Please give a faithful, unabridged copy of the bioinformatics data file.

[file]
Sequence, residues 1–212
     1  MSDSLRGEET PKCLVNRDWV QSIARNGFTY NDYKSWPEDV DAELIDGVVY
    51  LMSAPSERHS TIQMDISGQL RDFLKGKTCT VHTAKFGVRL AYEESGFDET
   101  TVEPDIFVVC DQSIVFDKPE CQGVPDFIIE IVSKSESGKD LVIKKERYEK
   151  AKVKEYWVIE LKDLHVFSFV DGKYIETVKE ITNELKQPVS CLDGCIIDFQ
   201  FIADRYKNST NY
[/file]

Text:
Sequence, residues 1–212
     1  MSDSLRGEET PKCLVNRDWV QSIARNGFTY NDYKSWPEDV DAELIDGVVY
    51  LMSAPSERHS TIQMDISGQL RDFLKGKTCT VHTAKFGVRL AYEESGFDET
   101  TVEPDIFVVC DQSIVFDKPE CQGVPDFIIE IVSKSESGKD LVIKKERYEK
   151  AKVKEYWVIE LKDLHVFSFV DGKYIETVKE ITNELKQPVS CLDGCIIDFQ
   201  FIADRYKNST NY